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Personalizing Advancement: Deb Zimmermann’s Story


15 years ago, Deb Zimmermann was diagnosed with stage IIIA lung cancer. Together with Dr. Ramaswamy Govindan’s help, she took control of her diagnosis and her life.

“A cancer diagnosis changes everything,” Deb reflects. “When I was diagnosed all the new treatments that are available now weren’t available. 15 years ago, my treatment was the same as it would’ve been 40 years before. Dr. Govindan talked a lot about research – like genomic and biomarker testing – that was just beginning and that I could take part in. It was really exciting.”

Dr. Govindan carefully constructed a care plan for Deb that would best fit her needs as a patient and as a person.

“My treatment plan was chemotherapy first, followed by radiation, and ending with lobectomy surgery.  The whole process took about four months, followed by scans and praying to make the magic three years. Dr. Govindan explained that survivorship improves greatly at the three-year mark.”

Beyond the physical treatment and expert medical support, it was Dr. Govindan’s personal philosophy toward patient care that truly differentiated Deb Zimmermann’s journey with Siteman.

“I think the relationship, like all relationships,” Dr. Govindan says, “was built over time on trust, empathy, and a very sincere effort to reach out to the other person. That’s true in personal relationships and it’s true in professional relationships.”

“When doctors are honest with you, you trust what they’re saying,” Deb says. “You know your odds are not good. There’s a contrast there that’s necessary; if everybody’s just patting you on the back and saying, ‘we’ll get through this,’ then you don’t know what to trust. I trusted everything Dr. Govindan said because he was so honest with me at every turn.”

“Sometimes the outcomes aren’t good. Even still, there is a remarkable outpouring of affection and gratitude. People recognize a sincere effort to help. If you take true interest and work to make people comfortable, that sincerity comes through,” Dr. Govindan says.

“Think of it this way,” Dr. Govindan continues, “if I come to your house and you make me uncomfortable, what would I want to do? I wouldn’t want to be there. Patients come in already carrying a lot of anxiety. It’s important to understand them and make them comfortable – take a true interest in them. You want people to want to be with you.”

“Dr. Govindan and the whole team were really looking at me individually,” Deb says. “I wasn’t just a number.”

“You treat patients like you would treat your own family,” Dr. Govindan says. “I tell patients all the time, I say, ‘Look, this is what I would do if I were you. This is what I would do if you were my own.’”

“That was what was so great about Siteman,” Deb reflects, “it didn’t matter who it was, if it was the orderly in the hall or the guy that transported you to surgery, everybody made eye contact, everybody was friendly. And there’s so much research happening at Siteman. There’s so much going on. I think so many people don’t understand what we have here.”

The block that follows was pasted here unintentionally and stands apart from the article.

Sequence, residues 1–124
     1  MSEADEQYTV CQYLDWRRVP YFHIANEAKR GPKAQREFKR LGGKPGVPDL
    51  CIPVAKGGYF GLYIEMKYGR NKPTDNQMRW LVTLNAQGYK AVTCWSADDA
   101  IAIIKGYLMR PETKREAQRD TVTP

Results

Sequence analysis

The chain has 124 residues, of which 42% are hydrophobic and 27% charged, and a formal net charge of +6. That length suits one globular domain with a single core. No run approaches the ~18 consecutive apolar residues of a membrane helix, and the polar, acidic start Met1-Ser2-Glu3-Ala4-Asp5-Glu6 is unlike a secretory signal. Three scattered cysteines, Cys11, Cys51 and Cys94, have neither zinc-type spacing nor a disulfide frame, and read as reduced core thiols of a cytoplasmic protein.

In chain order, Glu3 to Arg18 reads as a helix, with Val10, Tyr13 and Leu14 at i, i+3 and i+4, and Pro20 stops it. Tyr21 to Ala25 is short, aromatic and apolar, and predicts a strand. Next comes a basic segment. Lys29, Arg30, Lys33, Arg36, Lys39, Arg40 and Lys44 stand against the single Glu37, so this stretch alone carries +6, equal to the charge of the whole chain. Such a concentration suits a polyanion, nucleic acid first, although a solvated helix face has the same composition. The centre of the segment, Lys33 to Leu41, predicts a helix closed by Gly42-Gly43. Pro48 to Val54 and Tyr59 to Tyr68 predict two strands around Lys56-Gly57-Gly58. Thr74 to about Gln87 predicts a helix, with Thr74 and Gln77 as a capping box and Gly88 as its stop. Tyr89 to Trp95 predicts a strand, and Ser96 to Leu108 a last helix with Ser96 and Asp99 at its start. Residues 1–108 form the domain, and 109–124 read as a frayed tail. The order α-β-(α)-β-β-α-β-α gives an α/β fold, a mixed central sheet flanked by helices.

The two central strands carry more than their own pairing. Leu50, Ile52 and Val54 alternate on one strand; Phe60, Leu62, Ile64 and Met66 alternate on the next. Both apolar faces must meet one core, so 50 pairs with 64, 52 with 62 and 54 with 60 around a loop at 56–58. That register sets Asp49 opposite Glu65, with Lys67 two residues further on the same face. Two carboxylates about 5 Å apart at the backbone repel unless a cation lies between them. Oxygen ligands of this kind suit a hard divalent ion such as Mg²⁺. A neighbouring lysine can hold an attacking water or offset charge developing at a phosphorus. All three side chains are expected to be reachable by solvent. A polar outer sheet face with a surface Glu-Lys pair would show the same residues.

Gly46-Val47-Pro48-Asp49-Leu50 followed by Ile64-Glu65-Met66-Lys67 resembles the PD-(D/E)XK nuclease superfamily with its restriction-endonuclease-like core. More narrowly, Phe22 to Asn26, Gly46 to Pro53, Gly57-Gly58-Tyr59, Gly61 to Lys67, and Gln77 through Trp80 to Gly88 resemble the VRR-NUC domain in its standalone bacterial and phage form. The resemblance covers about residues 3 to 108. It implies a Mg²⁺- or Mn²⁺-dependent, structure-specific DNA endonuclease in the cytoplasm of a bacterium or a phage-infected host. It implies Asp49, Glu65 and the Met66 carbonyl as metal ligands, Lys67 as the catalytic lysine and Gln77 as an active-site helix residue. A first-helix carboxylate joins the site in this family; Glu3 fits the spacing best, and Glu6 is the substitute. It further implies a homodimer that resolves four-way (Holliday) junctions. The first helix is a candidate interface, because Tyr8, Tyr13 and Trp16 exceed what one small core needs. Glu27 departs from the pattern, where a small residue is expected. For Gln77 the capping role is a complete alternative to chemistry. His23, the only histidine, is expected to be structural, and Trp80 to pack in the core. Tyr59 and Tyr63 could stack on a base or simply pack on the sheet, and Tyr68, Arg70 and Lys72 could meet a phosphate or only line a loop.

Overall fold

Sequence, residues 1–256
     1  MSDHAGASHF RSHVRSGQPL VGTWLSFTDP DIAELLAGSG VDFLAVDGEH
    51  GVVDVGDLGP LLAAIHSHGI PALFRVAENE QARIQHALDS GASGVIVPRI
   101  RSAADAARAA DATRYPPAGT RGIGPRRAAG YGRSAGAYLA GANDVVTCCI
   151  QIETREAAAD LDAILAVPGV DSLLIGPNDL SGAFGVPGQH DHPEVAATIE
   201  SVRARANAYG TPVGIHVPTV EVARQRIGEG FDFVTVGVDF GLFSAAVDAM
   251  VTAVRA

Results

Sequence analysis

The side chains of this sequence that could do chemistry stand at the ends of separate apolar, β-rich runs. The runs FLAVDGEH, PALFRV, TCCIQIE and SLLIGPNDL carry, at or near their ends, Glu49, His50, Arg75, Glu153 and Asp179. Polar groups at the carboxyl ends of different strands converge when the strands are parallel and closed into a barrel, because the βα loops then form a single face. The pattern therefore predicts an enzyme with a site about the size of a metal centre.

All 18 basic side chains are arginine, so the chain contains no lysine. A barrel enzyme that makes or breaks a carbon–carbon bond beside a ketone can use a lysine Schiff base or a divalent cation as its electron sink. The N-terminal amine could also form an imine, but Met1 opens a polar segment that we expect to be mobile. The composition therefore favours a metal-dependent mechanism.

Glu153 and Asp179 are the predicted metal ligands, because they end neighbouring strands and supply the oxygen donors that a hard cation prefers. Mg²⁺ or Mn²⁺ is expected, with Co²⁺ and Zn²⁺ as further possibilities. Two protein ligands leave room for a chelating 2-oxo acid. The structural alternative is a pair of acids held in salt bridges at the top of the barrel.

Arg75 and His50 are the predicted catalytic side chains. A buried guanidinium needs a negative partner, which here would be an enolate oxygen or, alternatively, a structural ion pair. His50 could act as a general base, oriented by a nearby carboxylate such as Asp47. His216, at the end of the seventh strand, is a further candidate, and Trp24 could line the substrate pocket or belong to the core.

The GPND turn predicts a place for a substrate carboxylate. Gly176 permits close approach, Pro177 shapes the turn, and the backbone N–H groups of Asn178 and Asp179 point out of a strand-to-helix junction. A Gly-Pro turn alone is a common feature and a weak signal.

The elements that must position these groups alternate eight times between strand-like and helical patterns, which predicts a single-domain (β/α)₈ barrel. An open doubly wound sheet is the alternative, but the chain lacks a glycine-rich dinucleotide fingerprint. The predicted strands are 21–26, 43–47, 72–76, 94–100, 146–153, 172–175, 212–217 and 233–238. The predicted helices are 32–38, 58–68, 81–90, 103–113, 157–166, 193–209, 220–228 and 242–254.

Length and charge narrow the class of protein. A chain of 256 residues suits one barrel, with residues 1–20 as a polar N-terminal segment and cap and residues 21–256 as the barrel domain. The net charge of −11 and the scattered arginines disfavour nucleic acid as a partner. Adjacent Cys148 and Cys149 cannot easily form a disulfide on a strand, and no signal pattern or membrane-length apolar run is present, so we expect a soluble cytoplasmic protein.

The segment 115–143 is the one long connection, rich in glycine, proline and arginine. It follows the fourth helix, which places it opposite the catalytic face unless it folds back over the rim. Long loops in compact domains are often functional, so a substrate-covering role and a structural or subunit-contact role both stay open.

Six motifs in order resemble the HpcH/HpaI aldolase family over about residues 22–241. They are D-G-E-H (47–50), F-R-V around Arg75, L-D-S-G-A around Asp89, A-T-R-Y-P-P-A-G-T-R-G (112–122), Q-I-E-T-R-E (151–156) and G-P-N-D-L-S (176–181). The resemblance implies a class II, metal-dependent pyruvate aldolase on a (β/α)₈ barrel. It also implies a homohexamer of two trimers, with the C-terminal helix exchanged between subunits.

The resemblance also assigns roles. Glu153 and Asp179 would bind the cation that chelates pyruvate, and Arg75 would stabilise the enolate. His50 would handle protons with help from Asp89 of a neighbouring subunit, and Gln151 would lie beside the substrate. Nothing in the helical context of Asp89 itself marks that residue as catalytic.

“The point I want to emphasize is this: we are not just doing research in the lab, but also advancing treatments of patients with cancer,” Dr. Govindan says.

15 years removed from her diagnosis, Deb Zimmermann can reflect on her journey with a refreshed zest for life and a fervor to inspire support for Siteman and the cancer community at large.

“I was a non-smoker; I had no symptoms, and I was lucky. We got it at stage III instead of stage IV. Dr. Govindan said it would be a chronic disease that was treatable. I would like to see that option available for everyone,” Deb remarks.

“We welcomed our first grandbaby during my treatment. During those first three years, we had two more grandbabies and our son was married. I felt so blessed to be living my life. The cancer didn’t control my life. Instead, we focused on what brought joy and value to our family,” Deb says.Kochzimmparty0096 (1)

“Thankfully I’ve had 15 years,” Deb continues, “so a lot of this feels like a distant memory. Although, it only takes a single symptom for it all to come rushing back. I’ve accepted that as a long-term side effect. After several more years, Dr. Govindan and I had a conversation and he said, ‘You’re doing great. You know you can come to see me every year for as long as you want, but you don’t have to anymore.’”

“You’re treating somebody’s mother, somebody’s spouse,” Dr. Govindan reflects. “It’s simple, approach the medical condition as you would for your own family. It’s the way one ought to practice; I don’t know how else one should or can practice.”

“He told me, ‘I’m here as long as you need me,’” Deb recalls. “And he is. It’s continuing – his compassion – and my family and I are grateful for it.”

“At the end of the day, these are the questions that matter,” Dr. Govindan says, “How can we make our cancer patients live longer? Live better? How can we cure more cancers? Our investigators are spending their careers doing that research. It’s important to drive these ambitious studies to best advance cancer research and patient outcomes.”

Both Dr. Govindan and Deb Zimmermann agree, it is philanthropic support that enables Siteman’s physician-scientists to explore the potential resolutions to such crucial inquiries.

“I felt so blessed to have survived and I felt like it was my responsibility to give back,” Deb says. “You think, ‘how could I make the biggest impact?’ And, at Siteman, you know you’re going to make a difference if you’re giving money to researchers who can make a big difference.”

By supporting the Siteman Annual Fund, you will help advance the research and care that physician-scientists like Dr. Ramaswamy Govindan provide to patients like Deb Zimmermann every day. Make a gift to the Siteman Cancer Center today!